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Exploring Malaysia’s Architectural Treasures

When presenting your clients with reasons to visit the Southeast Asian country of Malaysia,

architecture might not have been top of mind. However, Malaysia’s history is a melting pot of cultures from both the East and the West and this influence is seen in the diverse architecture.

 

With early settlements dating back 40,000 years, Malaysia has a rich history peppered with immigrants and settlers. Trade routes between the native Malay tribes, China, and India dating back to the first century CE show thriving commerce – this migration also brought Buddhism and Hinduism to the peninsula. After local kings like Langkaasuka and Srivijaya established empires, the Malacca Sultanate took over most of modern Malaysia in the 15th century, bringing Islam to the region.

 

Malaysia was colonized by the Portuguese, Dutch, and British in the 16th and 17th centuries, leading to a few centuries of colonial rule. Many wars were fought in the Malay coast and nearby islands during this time. Conflicts and tensions between the different migrants and ethnic groups in the peninsula grew after World War II, which led to the independence of the Federation of Malaya in 1957, and the final proclamation of Malaysia as a sovereign country in 1963.

The following are some examples of the architectural designs that were influenced by this rich history.

 

Petronas Twin Towers

A symbol of modern urbanization in Kuala Lumpur, the Petronas Twin Towers stand as the most recognizable landmark in Malaysia. These 88-story towers hold the title for 12th tallest skyscrapers in the world. The architectural design that is evident on the Petronas Twin Towers is largely inspired by Islamic principles which are unity, harmony, stability, and rationality. Each building is supported by 16 large columns around its perimeter. These columns, as well as the rest of the structure, are constructed of high-strength concrete rather than structural steel, and the roof and walls are made of stainless steel and glass.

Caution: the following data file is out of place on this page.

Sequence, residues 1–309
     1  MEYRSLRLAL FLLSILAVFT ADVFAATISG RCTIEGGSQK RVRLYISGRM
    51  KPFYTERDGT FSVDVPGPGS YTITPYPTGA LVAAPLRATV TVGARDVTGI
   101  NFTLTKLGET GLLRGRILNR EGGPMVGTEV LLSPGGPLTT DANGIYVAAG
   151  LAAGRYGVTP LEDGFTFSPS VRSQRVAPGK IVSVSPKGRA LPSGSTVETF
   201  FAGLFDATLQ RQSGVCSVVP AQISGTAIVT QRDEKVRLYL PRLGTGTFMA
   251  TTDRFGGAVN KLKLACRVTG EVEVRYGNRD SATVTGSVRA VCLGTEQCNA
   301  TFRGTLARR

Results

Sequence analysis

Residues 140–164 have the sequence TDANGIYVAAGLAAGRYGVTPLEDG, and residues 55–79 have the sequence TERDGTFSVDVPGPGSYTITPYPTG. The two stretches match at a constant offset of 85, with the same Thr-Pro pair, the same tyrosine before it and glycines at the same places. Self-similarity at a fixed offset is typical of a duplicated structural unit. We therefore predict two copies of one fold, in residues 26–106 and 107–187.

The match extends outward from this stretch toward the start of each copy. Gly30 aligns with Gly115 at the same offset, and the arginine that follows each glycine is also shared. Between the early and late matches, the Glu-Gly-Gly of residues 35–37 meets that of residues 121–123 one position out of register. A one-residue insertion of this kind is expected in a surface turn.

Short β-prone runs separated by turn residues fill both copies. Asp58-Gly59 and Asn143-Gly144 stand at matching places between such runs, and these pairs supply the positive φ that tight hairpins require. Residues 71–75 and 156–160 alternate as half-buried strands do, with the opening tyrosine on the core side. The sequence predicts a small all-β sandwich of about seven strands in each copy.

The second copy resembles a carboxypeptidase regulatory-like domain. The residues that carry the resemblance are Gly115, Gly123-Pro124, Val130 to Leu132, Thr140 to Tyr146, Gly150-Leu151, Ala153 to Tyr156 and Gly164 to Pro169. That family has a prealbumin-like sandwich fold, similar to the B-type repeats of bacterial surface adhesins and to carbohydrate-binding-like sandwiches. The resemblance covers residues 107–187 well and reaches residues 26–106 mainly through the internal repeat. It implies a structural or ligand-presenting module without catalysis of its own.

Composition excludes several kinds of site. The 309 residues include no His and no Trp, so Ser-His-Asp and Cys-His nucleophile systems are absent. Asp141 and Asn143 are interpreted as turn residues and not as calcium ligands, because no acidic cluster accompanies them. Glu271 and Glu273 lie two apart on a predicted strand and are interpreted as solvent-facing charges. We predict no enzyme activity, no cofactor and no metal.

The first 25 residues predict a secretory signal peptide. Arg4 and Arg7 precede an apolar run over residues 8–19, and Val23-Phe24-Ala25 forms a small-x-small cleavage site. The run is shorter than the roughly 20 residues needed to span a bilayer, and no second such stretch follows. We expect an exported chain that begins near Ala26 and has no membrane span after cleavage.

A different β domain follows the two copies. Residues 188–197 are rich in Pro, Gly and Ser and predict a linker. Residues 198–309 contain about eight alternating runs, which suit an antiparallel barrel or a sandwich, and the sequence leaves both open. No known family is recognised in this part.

Sultan Abdul Samad Building

Also located in Kuala Lumpur, this building is another of the city’s most iconic landmarks. The Sultan Abdul Samad Building, located in the center of Jalan Raja, was designed by architect A. C Norman. With its breathtaking architecture, the Sultan Abdul Samad Building is world-famous. Constructed of bricks, it combines Western, Gothic and Moorish architectural features. Built in 1897, the building was named after the Sultan of Selangor at the time. Gazing upon its mesmerizing architecture, visitors will be enchanted by the grand porch, the huge arches, the clock tower, the curved colonnades, and the exquisite copper cupolas. There’s a reason why it serves as a backdrop for Malaysia’s Independence Day parades every year.

 

A’Famosa Fortress

Built by the Portuguese in the early 16th century, this fort in Melaka is the oldest of European architectural remains in Southeast Asia. Also known as Porta de Santiago, this structure is one of the four main gates of the famous Portuguese fortress. Fortified with walls three meters thick and a watchtower 40 meters high, the A’Famosa played a key role in protecting the Portuguese from their enemies. A Famosa is located in Malacca, Malaysia.

 

Crystal Mosque

Located in Terengganu, Crystal Mosque holds a unique place of pride among the most remarkable mosques in the world. As the name suggests, the glass exteriors that reflect the sea give off a sparkling crystal-like illusion, also making it seem as if the mosque is floating. To fully appreciate the effect of its crystalline exterior, it is best to visit at night, when the mosque is fully lit. The structure of the Crystal Mosque is reinforced with steel, which, joined with the glass and crystal, gives it a sleek-modern look that’s not often associated with mosques. 

 

Lexis Hibiscus Resort

You might not expect a resort hotel to appear on a list of top landmarks in Malaysia, but the Lexis Hibiscus certainly stands out as one of the country’s most unique structures. Located just 45 minutes away from Kuala Lumpur International Airport this fascinating resort complex attracts people from around the world to enjoy its pools. Its pool villas are shaped like hibiscus flowers, Malaysia’s national flower. Lexis Hibiscus also holds the Guinness World Record for the most swimming pools, making it one of the world’s most unique hotels.

For more information visit Tourism Malaysia’s website: www.malaysia.travel

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